“As a National Guard unit we have been focusing on our wartime mission for a long time,” said Capt. Caleb Grandy, the commander for A Company, 2-285th Avn. Regt. “We have been in and out of deployments for the past ten years, so this is preparing a lot of our guys who have been in the wartime mindset, and get them back into our state mission.”
Although the pilots are in the driver’s seat, the crew receives just as much training – if not a little more.
“Our crew members are a huge asset and they are the eyes of the whole flight crew,” Grandy said. “They are timing drops and communicating with the pilots; they are the ones who get the buckets in the water and get the water dropped on the fire.”
What made this training even more of a challenge this year was the use of a buoy wall. Fire crews refer to the large water-filled orange cylinder as a pumpkin tank. Typically, the unit is able to train through the use of the canals located on the outskirts of the Valley.
“Using a buoy wall is difficult - it is like dropping a shot glass into a thimble,” Twigg said. “Since this would be the resource we will normally turn to because of the lack of natural water resources in this state, this is good training for us in the long-run.”
During the training, Blackhawks can be seen coming in, hovering over the pumpkin tank, attempting to drop, and miss. They would repeat this until they could successfully get the bucket into the buoy wall. As the day went on, the Blackhawk crews became more proficient in this water-retrieval method.
“The coordination with using the buoy wall is more challenging, so the more practice we can get, the better,” Grandy said.
The crews have to communicate with each other constantly in order to make this happen, Twigg adds. “Over time during this practice, we develop a battle rhythm and the process becomes a smooth operation.”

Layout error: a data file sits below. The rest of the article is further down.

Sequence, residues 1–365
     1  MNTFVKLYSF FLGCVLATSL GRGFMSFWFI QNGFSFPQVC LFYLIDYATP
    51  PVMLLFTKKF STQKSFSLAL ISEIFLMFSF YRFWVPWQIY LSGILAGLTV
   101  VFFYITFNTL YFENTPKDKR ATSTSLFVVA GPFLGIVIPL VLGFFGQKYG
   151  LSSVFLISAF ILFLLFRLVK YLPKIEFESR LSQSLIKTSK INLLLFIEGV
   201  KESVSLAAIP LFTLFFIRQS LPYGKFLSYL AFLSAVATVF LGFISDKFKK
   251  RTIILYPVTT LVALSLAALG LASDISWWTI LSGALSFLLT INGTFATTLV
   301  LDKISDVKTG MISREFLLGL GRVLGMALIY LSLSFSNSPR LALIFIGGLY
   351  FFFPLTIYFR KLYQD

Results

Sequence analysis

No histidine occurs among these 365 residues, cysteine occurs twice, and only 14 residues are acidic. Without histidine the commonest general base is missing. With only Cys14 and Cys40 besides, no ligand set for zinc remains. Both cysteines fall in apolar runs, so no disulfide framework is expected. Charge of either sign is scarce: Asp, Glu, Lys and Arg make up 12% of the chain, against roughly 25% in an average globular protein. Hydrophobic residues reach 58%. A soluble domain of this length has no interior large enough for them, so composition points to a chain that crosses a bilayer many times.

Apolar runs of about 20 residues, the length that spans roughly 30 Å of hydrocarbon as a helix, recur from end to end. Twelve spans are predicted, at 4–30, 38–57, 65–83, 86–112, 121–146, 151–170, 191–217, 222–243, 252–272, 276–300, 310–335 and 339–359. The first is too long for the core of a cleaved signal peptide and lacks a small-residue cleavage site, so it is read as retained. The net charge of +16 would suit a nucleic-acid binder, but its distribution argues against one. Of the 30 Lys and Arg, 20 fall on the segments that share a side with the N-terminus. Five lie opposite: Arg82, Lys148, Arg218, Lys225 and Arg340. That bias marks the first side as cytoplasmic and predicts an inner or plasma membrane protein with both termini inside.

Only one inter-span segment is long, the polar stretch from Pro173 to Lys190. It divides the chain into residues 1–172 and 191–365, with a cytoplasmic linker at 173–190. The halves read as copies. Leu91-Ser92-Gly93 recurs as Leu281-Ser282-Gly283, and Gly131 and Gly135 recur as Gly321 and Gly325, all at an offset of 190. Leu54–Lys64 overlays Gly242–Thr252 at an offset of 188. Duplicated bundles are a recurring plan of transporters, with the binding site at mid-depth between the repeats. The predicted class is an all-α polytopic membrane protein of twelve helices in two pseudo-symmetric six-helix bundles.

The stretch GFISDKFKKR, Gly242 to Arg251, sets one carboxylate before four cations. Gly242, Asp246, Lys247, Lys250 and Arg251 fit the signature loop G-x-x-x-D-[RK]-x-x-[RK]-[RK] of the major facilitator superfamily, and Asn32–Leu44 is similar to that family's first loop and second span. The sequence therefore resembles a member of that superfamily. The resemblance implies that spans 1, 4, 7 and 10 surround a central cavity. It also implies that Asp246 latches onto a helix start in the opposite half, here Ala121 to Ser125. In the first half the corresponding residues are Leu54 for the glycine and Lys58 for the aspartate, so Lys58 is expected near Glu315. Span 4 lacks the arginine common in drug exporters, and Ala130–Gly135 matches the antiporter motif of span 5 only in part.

Support from the Buckeye Fire Department and the State Forestry Division was provided on the ground. The personnel gave target spots for the air crews to drop, simulating how a fire response would initially function.
“The Buckeye FD and State Lands hot shot crews increased the reality of the exercise,” Twigg said. “They called out spots where we needed to drop, just like we would from a ground guide on a real fire, so we got to simulate actually fighting a fire.”
The reality of the training helped flight crews understand the challenges faced with fighting wildfires from the air and how to effectively communicate under pressure.
“Our air crews did a great job working together and conquered frustration, which was an excellent element to help give the crew a real-life feel on how to overcome stress while working together,” Grandy said.
The Arizona National Guard is an organization of volunteers dedicated to protecting and defending the interests of the community, state and the nation.
“Our guys are motivated and ready to serve their state,” Grandy said. “We have not had very many opportunities in the past to provide support to state emergencies so we hope to be utilized more often in the future.”
||PHOENIX, AZ, US
This work, Arizona Guard aviators prepare for fire season, by SGT Lauren Twigg, identified by DVIDS, is free of known copyright restrictions under U.S. copyright law.